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HomeNewsWorldLooted Benin Bronze statue returned to Nigeria in 'institutional first'

Looted Benin Bronze statue returned to Nigeria in ‘institutional first’

Jesus College, University of Cambridge

(LONDON) — A college at the University of Cambridge is set to return an artifact looted by British soldiers to Nigeria, in a move described as “the first institutional return of its kind.”

On Wednesday, Jesus College Cambridge will hand over a statue of a cockerel — a young rooster — to Nigeria’s National Commission for Museums and Monuments. The statue is a Benin Bronze, part of a collection of artifacts stolen from the Kingdom of Benin in modern-day Nigeria by British soldiers in 1897. Many of the other Benin Bronzes are on display at the British Museum.

The return comes amid growing pressure in Western countries to return artifacts looted during colonization.

“This is an historic moment,” Sonita Alleyne, Master of Jesus College, said in a statement. “We look forward to welcoming representatives from Nigeria and Benin to the handover ceremony and to celebrating the return of this Bronze.”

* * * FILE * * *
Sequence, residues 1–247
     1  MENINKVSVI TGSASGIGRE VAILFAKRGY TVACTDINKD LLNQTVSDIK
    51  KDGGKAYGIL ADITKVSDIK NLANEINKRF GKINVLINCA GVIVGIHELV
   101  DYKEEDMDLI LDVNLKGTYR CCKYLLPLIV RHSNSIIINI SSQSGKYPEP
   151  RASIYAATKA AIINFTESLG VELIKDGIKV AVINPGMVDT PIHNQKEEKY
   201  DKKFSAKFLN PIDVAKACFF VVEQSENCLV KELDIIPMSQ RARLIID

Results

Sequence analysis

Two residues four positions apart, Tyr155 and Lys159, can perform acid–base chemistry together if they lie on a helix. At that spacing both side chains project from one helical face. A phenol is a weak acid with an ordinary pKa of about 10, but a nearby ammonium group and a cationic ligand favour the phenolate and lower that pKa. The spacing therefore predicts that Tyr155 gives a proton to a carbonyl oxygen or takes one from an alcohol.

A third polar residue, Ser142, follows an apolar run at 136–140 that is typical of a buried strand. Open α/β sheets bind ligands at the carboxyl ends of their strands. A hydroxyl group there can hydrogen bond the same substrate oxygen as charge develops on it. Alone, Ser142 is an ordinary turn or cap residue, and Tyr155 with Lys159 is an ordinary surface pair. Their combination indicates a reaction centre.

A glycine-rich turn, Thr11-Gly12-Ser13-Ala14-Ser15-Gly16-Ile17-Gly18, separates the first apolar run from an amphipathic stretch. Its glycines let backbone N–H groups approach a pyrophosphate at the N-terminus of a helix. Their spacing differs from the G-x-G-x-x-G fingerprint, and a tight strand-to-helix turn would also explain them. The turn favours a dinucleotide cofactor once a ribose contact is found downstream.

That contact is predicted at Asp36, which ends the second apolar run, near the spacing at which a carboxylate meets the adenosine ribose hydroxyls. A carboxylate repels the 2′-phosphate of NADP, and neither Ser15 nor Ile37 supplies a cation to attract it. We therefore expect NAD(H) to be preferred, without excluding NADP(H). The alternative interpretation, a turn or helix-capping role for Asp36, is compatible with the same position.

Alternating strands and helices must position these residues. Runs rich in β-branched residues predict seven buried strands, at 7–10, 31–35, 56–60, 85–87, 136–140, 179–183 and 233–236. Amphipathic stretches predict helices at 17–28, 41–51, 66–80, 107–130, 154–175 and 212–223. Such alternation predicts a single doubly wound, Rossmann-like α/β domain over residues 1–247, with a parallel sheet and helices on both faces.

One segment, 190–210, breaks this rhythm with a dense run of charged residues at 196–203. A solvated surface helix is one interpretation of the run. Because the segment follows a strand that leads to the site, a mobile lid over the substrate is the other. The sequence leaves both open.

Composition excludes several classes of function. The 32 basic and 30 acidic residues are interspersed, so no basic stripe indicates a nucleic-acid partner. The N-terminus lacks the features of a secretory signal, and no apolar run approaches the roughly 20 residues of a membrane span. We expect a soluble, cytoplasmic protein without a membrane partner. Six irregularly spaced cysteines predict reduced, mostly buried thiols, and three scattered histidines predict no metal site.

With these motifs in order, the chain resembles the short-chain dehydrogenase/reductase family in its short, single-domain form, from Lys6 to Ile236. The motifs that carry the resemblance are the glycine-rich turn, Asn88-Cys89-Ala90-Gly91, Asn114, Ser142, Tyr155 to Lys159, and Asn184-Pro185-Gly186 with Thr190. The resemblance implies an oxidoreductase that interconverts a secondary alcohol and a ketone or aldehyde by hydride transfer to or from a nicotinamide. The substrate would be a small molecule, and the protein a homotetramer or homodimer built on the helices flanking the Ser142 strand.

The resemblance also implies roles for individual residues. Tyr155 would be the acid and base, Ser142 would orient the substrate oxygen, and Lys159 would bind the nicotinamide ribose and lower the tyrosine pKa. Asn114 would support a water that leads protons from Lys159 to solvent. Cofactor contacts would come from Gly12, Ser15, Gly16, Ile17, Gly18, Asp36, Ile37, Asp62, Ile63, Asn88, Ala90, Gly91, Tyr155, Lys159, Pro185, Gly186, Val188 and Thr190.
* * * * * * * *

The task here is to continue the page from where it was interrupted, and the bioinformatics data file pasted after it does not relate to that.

“This is the right thing to do out of respect for the unique heritage and history of this artifact,” she added.

The Nigerian government has welcomed the return of the statue.

“We thank Jesus College for being a trailblazer and we look forward to a similar return of our artifacts by other institutions that are in possession of them,” Alhaji Lai Mohammed, the Minister for Information and Culture, said in a statement.

This week, British media reported that the Nigerian government had sent a formal letter to the British Museum, which holds the largest collection of Benin Bronzes, requesting the return of the artifacts.

In France, the Quai Branly Museum is also set to return 26 Benin Bronzes, with the collection on display until the end of the month before they are sent to Nigeria. Germany is also set to return hundreds of looted artifacts to Nigeria.

“This return offers new hope for amicable resolution in cultural property ownership disputes,” Professor Abba Isa Tijani, the Director-General of the National Commission for Museums and Monuments of Nigeria, said. “We hope that it will set a precedent for others around the world who are still doubtful of this new evolving approach whereby nations and institutions agree with source nations on return without rancour.”

“On our part, the National Commission for Museums and Monuments is receiving this antiquity for the benefit of the Benin people and the people of Nigeria,” he added.

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